Geology And Geophysics

A Guide to Backyard Geology

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"A Guide to Backyard Geology"
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When I think of backyard geology, the first thing that comes to mind is gold. Of course, it's not in everyone's backyard, but it can be found. There's an old saying, "gold is where you find it"; in other words, look for gold where it's already been found. I'm not sure I agree with this.

I live in the foothills of the Appalachians and, supposedly, our mountains weren't "pushed" high enough out of the earth to expose gold deposits. Yet, only a few hours away, in Dahlonegah, Georgia was one of the largest gold finds in history. You can still mine for gold over there if you know someone with a nice little stream.

About three hours south of where I live is Talladega National Forest. There are plenty of old gold mines there, as well. I have done some panning in this area and came up with some "color". It's exiting!

What you need to find is a nice lazy stream that goes wild during the rainy season. You don't want one that is a mud hole or always flows slowly. When the water is gushing gold, a very heavy element, is pushed downstream and hopefully trapped in several different places.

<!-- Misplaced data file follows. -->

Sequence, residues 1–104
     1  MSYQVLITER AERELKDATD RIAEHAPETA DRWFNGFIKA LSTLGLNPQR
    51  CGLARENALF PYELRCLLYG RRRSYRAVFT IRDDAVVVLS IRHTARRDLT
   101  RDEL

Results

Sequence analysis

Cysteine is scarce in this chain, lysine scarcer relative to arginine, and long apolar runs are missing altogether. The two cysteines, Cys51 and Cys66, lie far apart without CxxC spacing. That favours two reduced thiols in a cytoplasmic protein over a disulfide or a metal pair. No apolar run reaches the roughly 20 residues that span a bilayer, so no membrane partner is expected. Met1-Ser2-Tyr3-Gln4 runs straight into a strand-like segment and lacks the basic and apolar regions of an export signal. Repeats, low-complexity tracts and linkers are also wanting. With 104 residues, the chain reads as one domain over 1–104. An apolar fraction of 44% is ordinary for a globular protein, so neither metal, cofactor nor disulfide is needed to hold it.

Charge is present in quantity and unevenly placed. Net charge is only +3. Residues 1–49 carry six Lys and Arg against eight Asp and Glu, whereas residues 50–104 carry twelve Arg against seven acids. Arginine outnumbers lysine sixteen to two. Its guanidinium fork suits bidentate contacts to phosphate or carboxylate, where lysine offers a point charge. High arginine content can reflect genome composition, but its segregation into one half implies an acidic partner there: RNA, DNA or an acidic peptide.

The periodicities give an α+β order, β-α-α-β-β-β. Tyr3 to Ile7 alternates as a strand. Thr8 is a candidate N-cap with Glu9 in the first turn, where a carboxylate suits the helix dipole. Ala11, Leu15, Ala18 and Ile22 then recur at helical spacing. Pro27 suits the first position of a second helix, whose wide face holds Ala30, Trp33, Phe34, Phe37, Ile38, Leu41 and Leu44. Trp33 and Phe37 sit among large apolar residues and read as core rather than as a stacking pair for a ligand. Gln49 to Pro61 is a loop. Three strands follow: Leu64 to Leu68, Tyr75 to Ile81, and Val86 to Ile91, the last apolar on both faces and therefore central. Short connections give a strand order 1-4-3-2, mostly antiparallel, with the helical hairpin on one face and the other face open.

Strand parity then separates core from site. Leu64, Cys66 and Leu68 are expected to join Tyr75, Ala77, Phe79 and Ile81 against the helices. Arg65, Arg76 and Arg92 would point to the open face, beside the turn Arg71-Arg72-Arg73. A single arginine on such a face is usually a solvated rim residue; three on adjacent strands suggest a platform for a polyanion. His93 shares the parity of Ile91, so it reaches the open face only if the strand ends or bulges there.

Where to look in the stream bed:

Find larger boulders that you can move fairly easily and you just might find a nugget wedged underneath or on the downstream side of the boulder itself, and where it lay.

Look for mossy areas on old logs or rocks. Go through them easily with your fingers, looking for that flicker of gold. After you have gone through the moss; easily move the limb or log or boulder and see if luck is with you.

Don't forget the creek bank! During the rainy season, when the stream is raging, it very well could deposit gold in "pockets" along the side of the creek bank. Look there for mossy areas, and deposits of rock, sticks and logs.

Finally, take out the old gold pan. If you see black sand, work it in your pan. Usually where there is black sand, there is gold. After you have panned the water and sand out of the pan, the heavier gold remains a beautiful, shiny yellow on the bottom of the pan. You need a "snuffer" bottle; a plastic bottle with a pointed top with a hole in it. Gently "snuff" or "sniff" the placer gold (gold findings that are specks in stream beds) into your bottle. While you are going through these steps, watch for quartz crystals, too. They could indicate the presence of gold.

Beware of iron pyrite, or "fools gold". It is rather flashy, but should stick to a small magnet. Get out there and prospect...if you find's there!

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